The current level of mobile threats is yet to fall in the range of "significant crime", but with next generation of mobile handsets set to support near-field communications (NFC) and spark off more e-commerce and financial applications, it is likely that more "professional" cybercriminals will target this space.
Thus, it is no longer enough for consumers and IT departments to adopt a piecemeal approach to securing their mobile devices, say security vendors. In fact, a holistic security regime should range from protecting one's corporate network and devices to managing types of apps downloaded on to these devices, they urge.
Ken Low, director of enterprise security for Asia-Pacific at Trend Micro, said there are a number of mobile threats appearing on various app marketplaces that may be malicious and steal people's information, hijack account and send premium SMS. These, though, do not reflect what the security vendor considers as "significant crime" at this point.
Additionally, there is no "real concerted effort" to target e-commerce or banking applications, he said.
The security situation is likely to change in the near future though, Low said. With the introduction of the next generation of handsets that would support NFC, a larger percentage of the consumer market will begin to adopt more e-commerce and financial applications.
"Once cybercriminals realize that they will be able to increase their profits from such technologies, we expect a much larger, more serious targeting of the mobile landscape by 'professional' cybercriminals," the director said.
Antivirus not enough
Low therefore urged IT administrators to reconsider buying off-the-shelf solutions without considering the specific needs and profile of their corporate network, as these tools may not be able to properly manage the influx of mobile devices.
Conversely, he pointed out that some mobile device management (MDM) software do not come with a security component such as antivirus or reputation-based Web and file protection, while other security tools might not have the means to manage data remotely via features such as remote wipe.
Ronnie Ng, senior manager of systems engineering at Symantec Singapore, agreed that many security vendors still offer only point products that do not fully mitigate today's risks, particularly with the ongoing IT consumerization and bring-your-own-device (BYOD) trends.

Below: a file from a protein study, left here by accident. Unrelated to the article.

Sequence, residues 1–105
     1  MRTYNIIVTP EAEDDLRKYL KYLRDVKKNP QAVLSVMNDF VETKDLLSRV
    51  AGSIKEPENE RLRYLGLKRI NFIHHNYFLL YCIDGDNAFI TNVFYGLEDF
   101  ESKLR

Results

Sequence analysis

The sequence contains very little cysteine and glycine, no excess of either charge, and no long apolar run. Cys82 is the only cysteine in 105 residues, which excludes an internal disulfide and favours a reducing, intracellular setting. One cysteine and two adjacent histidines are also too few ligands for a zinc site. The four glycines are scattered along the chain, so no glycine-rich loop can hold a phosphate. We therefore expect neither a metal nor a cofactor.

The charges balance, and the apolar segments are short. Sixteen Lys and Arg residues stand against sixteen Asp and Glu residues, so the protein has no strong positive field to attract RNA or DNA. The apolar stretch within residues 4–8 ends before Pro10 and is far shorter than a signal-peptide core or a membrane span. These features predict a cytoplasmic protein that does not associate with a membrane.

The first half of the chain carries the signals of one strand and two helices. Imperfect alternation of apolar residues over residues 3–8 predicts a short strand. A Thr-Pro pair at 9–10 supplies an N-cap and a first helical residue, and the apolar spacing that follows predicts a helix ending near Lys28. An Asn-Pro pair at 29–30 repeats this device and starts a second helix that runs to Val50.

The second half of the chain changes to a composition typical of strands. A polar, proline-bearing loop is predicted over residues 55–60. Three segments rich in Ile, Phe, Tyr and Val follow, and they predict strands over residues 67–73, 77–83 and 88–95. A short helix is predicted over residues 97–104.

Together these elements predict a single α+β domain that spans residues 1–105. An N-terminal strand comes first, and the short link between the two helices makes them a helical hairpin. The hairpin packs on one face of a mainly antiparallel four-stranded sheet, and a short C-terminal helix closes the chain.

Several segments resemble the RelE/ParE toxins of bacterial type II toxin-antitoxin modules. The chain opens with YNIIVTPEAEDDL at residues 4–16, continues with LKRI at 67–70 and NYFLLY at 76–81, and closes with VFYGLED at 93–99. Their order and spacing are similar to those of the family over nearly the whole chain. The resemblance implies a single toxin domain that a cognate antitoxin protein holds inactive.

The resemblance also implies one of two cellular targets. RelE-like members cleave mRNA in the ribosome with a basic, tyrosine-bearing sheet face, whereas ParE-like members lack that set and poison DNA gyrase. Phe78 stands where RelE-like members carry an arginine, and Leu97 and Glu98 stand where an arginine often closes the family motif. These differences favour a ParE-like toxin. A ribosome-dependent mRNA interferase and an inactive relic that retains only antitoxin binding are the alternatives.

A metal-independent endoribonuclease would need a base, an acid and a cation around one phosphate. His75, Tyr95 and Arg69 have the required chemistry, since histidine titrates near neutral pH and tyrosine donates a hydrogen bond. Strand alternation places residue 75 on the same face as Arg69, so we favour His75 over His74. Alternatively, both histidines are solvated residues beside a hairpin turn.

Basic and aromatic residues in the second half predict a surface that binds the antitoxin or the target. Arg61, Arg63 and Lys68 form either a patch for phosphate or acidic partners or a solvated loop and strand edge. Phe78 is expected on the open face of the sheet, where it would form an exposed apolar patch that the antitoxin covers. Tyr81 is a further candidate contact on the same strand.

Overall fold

"What is important in the mobile world is that security providers have to be able to encrypt the device, to authenticate the user, to protect the data that may end up on that device, and be able to manage that device," Ng stated.
To this end, the security vendor had acquired Nukona in March this year to extend its mobile application management (MAM) capabilities, which is aimed at helping IT organizations to protect and isolate corporate data and applications across both corporate and personal devices, he said.
Low also said mobile security tools should not only focus on device management but pay attention to app management. This means being able to scan apps that users download onto their devices and, subsequently, to secure the app marketplace environment to ensure only known, malware-free apps are listed, he explained.
Keeping phone-based data secure
Another major issue currently in the mobile payments security landscape is the hacking of PIN codes that authorizes phone-based payments and storing of payment card data.
To secure mobile payments specifically, vendors should position the Universal Integrated Circuit Card (UICC)--which runs the SIM application on most mobile devices--as the secure element, suggested Michael Au, vice president of telecommunications at Gemalto.
He noted the UICC contains hardware and software similar to that of smart cards and is able to provide banking-grade security. As long as vendors treat the UICC as the secure element, Au believes there are already safeguards on the platform to protect financial information on mobile devices, and these are adequate to protect users' mobile transactions and their trust in mobile payments.
Frost & Sullivan's Asia-Pacific research director Jafizwaty Ishahak earlier stated that smart cards are safe because these contain elements such as triple data encryption system (DES) and are made from multi-chip unit-based (MCU) cards that are considered highly secure and intelligent.